Proposed Changes to the OHSA: The more things change, the more they stay the same?

Written by on December 02, 2015.

Laws intended to change social behaviour are sometimes referred to as “social engineering” legislation.  The obvious example is the Human Rights Code, which prohibits discrimination on protected grounds and requires employers to accommodate many of the personal challenges employees face. Some employers feel governments have gone too far – that they are being legislated and regulated well beyond any reasonable level.  The latest example, they say, is the Ontario government’s proposed Se...

New SCC Decision Finds Paid Administrative Suspensions Can Trigger Constructive Dismissals

Written by on July 08, 2015.

Most employers are familiar with the most common changes to employment contracts that can trigger a constructive dismissal: changing pay, hours, demotions, duties, work location, etc. However, in the March 2015 decision of Potter v. New Brunswick Legal Aid Services Commission, the Supreme Court of Canada overturned two lower court decisions, finding that an 8-week paid administrative suspension constituted sufficient grounds to declare the employment relationship constructively dismissed. The ...

New ESA Poster Requirements for Ontario Employers

Written by on May 04, 2015.

The Ontario Ministry of Labour has just released its new version (6.0) of the Employment Standards Poster entitled "Employment Standards in Ontario". Ontario employers must immediately post this new poster in each of its workplaces in a location likely to come to the attention of employees.   It must be displayed in English.  If the majority of the workplace speaks a language other than English and the Ministry has published a version of the poster in that other language, a copy of the tra...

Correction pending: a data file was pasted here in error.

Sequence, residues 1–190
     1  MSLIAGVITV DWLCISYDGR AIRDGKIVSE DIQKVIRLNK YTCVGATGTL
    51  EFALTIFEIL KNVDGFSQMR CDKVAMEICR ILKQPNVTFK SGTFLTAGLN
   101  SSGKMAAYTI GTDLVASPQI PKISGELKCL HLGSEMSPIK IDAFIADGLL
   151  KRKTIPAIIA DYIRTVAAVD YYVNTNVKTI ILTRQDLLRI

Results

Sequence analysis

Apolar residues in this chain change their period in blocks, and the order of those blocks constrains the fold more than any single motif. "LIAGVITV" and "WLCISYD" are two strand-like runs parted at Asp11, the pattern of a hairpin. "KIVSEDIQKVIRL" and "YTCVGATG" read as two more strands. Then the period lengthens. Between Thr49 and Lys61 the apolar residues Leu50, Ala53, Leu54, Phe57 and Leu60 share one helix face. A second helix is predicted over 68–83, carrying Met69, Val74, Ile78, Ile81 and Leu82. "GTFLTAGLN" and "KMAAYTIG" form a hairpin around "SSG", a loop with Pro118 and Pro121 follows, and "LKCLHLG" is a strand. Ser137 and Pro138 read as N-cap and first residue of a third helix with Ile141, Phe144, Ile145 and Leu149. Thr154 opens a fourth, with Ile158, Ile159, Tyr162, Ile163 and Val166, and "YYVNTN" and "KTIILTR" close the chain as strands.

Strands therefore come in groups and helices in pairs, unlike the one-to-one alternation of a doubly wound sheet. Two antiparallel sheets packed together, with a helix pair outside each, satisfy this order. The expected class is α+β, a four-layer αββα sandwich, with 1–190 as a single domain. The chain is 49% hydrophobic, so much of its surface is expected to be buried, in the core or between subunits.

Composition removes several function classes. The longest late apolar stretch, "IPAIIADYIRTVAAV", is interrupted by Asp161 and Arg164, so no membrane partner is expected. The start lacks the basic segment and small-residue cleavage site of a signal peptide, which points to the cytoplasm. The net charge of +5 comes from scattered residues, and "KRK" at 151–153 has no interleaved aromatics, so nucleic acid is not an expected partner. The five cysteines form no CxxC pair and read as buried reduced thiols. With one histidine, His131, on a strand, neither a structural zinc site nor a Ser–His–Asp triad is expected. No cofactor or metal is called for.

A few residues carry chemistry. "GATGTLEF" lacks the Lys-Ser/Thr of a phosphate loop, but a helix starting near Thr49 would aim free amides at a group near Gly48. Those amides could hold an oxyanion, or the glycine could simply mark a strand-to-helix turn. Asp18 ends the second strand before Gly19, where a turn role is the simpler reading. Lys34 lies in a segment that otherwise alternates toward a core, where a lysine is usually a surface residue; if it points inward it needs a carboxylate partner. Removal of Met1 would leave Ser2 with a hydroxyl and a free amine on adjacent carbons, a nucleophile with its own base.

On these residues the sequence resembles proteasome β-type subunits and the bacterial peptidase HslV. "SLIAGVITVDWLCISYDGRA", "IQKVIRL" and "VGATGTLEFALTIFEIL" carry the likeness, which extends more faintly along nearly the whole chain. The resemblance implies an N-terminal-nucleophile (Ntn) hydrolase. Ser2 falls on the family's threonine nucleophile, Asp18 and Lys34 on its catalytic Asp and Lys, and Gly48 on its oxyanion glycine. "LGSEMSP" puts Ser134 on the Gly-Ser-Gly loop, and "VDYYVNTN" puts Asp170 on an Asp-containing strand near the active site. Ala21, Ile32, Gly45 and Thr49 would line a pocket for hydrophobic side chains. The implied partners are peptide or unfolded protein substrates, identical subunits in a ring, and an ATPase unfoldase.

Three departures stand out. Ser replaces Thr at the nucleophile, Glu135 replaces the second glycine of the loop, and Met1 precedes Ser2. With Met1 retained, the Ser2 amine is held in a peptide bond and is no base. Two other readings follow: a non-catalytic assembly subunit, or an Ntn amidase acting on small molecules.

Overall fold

Ontario Court Confirms Workplace Violence Not Automatically Cause for Termination in All Cases

Written by on January 07, 2015.

Since amendments to the Occupational Health and Safety Act introduced by Bill 168 imposed new obligations to proactively address workplace harassment and violence issues, employers have sometimes been tempted to approach all instances of workplace harassing or violent conduct by an employee as warranting summary dismissal without notice or pay in lieu of notice. These decisions are often made as part of a “zero-tolerance” policy towards workplace violence. Since amendments to the Occupati...

Failing to Address Workplace Health and Safety Concerns Can be Costly for Employers

Written by on August 08, 2014.

Ensuring workplace health and safety is always an important priority for employers, and is even more so now that Ontario’s Occupational Health and Safety Act (the “OHSA”) places obligations on employers with respect to workplace violence and harassment. As a recent case demonstrates, employers should be diligent regarding the development and implementation of their workplace harassment policies, and in responding to employee concerns regarding those policies. The Moneta Marketing Case...